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Saturday, March 2, 2024 | Back issues
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Apple to Pay $16.5M for Shareholder Deception

SAN JOSE, Calif. (CN) - A federal judge approved a $16.5 million agreement Wednesday to settle class action shareholder claims that Apple Inc. and several executives and board members backdated employee stock options for more than a decade and issued false and misleading financial statements.

The New York City Employee Retirement System based its claims on a series of announcements and a corrective disclosure made by Apple regarding its issuance of stock option grants.

"The grants were frequently dated just after a sharp drop in the Company's stock price and before a substantial rise in the Company's stock price," according to the complaint filed in August 2006 in the Northern District of California.

"This extraordinary pattern of stock option grants demonstrates that the purported grant dates were not the actual dates on which the stock option grants were made. Rather, defendants improperly backdated the stock option grants to make it appear as though the grants were made on dates when the market price of Apple's stock was lower than the market price of the actual grant dates," the complaint said.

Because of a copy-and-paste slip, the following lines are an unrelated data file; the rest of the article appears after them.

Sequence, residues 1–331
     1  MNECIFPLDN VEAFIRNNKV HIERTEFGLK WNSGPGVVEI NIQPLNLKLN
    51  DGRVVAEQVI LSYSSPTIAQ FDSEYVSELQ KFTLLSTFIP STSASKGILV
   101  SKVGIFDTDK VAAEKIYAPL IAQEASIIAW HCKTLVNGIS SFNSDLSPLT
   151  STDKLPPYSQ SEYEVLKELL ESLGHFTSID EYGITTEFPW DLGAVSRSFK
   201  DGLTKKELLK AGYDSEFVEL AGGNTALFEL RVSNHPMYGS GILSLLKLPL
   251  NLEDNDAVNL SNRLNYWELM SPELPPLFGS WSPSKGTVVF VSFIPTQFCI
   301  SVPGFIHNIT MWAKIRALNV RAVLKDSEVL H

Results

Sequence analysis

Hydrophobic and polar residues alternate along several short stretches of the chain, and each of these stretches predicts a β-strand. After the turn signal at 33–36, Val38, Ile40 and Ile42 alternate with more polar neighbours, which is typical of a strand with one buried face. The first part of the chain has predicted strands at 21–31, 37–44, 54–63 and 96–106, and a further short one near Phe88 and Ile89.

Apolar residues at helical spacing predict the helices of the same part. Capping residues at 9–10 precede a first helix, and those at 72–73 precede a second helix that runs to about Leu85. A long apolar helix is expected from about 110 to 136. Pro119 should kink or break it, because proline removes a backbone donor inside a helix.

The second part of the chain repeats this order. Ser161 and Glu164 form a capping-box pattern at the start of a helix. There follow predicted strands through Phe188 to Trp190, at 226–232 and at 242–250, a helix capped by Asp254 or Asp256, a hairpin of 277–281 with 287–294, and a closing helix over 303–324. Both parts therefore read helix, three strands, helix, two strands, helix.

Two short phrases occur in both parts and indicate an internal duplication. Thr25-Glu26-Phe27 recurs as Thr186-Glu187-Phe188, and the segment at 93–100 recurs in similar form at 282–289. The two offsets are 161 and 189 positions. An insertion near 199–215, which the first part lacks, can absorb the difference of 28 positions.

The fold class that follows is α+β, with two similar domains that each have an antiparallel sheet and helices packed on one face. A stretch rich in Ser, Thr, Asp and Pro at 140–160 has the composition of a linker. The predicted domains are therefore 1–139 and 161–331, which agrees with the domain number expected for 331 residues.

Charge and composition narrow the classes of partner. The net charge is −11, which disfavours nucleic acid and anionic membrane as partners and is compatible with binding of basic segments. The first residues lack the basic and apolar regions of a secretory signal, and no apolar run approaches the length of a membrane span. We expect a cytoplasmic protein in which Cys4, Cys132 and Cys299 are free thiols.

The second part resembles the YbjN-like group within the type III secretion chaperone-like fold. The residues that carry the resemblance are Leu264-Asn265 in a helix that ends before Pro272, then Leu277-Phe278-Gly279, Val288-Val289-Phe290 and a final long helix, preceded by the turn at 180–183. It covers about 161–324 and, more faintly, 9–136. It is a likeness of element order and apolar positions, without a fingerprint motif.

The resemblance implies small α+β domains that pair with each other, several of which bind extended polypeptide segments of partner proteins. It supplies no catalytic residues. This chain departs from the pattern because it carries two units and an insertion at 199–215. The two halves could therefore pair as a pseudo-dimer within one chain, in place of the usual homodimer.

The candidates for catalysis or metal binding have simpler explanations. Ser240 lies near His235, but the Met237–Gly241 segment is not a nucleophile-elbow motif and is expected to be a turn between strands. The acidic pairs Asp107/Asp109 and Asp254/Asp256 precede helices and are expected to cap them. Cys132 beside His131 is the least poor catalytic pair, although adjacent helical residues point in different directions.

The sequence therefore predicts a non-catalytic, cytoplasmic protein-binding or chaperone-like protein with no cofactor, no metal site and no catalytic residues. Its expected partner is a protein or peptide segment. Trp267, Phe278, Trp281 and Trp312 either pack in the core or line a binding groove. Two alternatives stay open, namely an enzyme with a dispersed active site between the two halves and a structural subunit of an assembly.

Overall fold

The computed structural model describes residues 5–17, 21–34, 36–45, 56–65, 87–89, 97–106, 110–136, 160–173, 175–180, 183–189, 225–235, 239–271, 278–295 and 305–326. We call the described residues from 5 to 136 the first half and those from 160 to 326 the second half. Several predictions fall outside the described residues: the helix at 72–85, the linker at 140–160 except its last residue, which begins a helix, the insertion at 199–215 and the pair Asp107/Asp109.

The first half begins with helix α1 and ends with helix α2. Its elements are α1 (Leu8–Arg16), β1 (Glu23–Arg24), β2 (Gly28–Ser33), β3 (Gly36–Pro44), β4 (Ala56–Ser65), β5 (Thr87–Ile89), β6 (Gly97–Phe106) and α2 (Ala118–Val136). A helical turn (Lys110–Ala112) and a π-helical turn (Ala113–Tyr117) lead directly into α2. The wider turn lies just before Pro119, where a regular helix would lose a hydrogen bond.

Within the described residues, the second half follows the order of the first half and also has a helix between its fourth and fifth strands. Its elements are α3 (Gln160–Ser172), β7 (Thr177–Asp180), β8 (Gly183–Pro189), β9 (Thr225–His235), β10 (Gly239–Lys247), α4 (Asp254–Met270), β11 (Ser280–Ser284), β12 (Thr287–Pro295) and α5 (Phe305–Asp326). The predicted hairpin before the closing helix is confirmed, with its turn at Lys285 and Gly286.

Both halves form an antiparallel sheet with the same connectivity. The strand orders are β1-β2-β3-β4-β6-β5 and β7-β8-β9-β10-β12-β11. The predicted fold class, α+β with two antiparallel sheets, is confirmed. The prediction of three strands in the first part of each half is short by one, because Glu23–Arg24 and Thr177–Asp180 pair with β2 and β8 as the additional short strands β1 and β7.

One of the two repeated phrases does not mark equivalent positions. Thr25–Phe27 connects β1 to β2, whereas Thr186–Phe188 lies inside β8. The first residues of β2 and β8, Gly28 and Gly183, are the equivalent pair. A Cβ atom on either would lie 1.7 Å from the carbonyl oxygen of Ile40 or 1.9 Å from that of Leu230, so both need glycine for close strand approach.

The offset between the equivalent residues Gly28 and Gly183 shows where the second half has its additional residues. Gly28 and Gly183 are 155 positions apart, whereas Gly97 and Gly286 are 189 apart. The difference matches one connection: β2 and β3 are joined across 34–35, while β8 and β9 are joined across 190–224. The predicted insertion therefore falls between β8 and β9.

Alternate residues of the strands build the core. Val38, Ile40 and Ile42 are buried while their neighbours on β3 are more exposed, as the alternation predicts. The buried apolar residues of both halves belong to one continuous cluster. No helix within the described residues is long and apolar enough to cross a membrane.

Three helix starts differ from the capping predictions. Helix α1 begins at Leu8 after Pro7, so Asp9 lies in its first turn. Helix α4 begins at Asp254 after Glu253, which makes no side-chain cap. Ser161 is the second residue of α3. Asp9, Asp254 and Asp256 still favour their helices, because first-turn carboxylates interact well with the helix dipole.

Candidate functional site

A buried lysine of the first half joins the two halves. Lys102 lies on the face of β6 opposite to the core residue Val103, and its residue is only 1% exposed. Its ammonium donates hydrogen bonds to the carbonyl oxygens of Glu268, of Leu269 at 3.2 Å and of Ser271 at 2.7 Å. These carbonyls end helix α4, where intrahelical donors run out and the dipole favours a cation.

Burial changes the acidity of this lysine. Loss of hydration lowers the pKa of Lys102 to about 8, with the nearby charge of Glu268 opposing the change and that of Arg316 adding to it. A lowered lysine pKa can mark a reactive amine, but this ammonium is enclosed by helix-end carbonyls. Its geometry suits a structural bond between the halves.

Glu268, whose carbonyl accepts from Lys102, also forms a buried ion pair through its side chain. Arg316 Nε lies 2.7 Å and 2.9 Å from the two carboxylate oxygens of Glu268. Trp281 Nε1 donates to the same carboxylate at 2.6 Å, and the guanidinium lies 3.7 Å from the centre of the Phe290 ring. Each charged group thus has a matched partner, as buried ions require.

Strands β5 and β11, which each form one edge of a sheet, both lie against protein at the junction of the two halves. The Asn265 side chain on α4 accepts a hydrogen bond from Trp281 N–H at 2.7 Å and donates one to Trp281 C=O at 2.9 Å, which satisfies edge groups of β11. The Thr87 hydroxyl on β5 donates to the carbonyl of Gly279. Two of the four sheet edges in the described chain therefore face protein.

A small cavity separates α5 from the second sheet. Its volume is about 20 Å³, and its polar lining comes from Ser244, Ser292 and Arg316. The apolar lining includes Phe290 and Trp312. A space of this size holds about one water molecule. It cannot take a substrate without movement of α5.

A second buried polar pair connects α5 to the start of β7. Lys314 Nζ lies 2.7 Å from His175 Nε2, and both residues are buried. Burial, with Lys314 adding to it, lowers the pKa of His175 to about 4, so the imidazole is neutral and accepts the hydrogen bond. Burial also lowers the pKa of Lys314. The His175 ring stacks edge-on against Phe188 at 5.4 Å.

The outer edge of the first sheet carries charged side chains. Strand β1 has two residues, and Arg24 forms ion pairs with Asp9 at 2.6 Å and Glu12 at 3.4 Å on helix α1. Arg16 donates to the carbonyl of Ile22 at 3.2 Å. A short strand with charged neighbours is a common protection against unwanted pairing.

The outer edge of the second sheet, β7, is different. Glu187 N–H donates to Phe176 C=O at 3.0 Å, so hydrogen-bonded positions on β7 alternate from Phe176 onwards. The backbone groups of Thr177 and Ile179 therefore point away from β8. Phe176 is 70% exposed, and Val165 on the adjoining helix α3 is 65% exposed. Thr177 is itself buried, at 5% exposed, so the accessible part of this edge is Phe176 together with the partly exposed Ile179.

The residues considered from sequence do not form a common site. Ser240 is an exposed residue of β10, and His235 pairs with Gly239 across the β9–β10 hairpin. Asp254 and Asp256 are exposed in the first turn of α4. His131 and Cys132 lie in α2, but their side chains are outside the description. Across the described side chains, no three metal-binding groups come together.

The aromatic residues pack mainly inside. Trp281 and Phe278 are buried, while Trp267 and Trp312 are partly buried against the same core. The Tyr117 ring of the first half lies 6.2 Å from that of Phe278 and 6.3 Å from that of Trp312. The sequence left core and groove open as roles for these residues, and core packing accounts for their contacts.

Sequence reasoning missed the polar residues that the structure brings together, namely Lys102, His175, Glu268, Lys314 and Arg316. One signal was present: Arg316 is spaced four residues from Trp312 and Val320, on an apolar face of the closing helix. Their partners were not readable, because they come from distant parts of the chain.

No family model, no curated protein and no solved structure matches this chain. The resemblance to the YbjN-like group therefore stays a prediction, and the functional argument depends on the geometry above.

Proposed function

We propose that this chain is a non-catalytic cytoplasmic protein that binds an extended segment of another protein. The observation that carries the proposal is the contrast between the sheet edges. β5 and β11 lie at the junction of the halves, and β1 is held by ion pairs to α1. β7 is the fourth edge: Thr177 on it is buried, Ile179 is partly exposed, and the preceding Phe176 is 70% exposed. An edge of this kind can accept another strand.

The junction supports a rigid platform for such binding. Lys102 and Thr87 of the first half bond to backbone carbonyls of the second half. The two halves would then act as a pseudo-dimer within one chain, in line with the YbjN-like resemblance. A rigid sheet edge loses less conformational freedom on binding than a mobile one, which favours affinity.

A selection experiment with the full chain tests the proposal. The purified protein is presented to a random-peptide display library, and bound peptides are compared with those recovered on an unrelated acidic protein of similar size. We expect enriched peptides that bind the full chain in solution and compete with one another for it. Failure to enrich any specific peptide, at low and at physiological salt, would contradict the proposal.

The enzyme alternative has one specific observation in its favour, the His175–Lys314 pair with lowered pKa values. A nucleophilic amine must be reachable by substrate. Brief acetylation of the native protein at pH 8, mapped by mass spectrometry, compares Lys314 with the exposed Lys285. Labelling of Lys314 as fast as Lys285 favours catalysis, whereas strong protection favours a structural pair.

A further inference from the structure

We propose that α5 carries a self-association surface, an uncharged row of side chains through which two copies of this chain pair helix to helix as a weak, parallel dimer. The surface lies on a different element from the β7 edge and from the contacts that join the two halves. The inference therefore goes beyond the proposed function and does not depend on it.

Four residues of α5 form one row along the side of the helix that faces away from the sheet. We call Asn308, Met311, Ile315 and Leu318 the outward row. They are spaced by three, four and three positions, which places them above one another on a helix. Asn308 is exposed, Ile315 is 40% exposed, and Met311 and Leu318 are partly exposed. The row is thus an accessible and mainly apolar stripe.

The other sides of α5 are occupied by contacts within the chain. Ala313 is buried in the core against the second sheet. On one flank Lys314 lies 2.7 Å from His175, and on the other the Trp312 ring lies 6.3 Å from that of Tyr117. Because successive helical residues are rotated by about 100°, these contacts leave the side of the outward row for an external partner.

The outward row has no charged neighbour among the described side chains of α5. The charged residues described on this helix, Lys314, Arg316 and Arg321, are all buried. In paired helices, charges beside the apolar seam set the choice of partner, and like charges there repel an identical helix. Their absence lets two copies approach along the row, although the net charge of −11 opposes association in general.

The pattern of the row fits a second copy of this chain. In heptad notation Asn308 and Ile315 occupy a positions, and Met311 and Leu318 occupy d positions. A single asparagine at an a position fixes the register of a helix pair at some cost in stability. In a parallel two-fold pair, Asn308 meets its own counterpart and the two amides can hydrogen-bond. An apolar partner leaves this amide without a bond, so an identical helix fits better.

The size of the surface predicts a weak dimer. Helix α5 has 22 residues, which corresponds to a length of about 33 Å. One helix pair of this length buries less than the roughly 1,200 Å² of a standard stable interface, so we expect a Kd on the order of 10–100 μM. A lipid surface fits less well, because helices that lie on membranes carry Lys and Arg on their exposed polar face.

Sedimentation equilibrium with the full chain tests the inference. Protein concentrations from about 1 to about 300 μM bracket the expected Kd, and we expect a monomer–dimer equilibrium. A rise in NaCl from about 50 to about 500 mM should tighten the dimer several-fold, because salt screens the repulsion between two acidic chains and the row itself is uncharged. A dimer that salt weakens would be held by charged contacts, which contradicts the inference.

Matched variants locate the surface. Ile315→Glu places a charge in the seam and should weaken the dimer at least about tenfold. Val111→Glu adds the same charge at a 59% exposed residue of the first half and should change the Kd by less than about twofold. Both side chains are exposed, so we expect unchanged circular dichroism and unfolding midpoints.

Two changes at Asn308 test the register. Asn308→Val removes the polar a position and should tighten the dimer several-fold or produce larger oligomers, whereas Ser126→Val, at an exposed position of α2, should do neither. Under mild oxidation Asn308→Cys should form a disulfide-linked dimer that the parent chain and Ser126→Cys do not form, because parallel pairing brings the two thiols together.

U.S. District Court Judge Jeremy Fogel's order puts an end to litigation lasting more than four years. "The parties attest that this action would have continued for years and that its outcome would have been uncertain had they not reached a settlement," the order reads.

Shareholders of record at the time of the backdating stand to recover up to $1.70 per share.

The agreement also provides that any amount remaining in the settlement fund after distribution to the class will be donated to nine university corporate governance programs.

The pension fund's attorneys were granted their requested fees of $1.9 million, which, Fogel says in the order, "is well below the Ninth Circuit's benchmark of 25% of the recovery for the class in common fund cases."

Though objector Patrick Pezzati's lawyers sought a $297,000 fee award, they will walk away with $87,000 and an incentive payment of $1,000, which Fogel concludes "fairly will compensate Pezzati and his counsel for their contributions to this litigation."

Notice of the proposed agreement has been mailed to more than 1.3 million individuals, 31,886 record holders, and 5,802 bankers, brokers, and other nominees who may hold shares for potential class members.

Plaintiff New York City Employee Retirement System's lead attorney is Charles Caliendo of Grant & Eisenhofer in New York.

Apple Inc. is represented by Diane M. Doolittle of Quinn, Emanuel, Urquhart & Sullivan in Redwood Shores, Calif.

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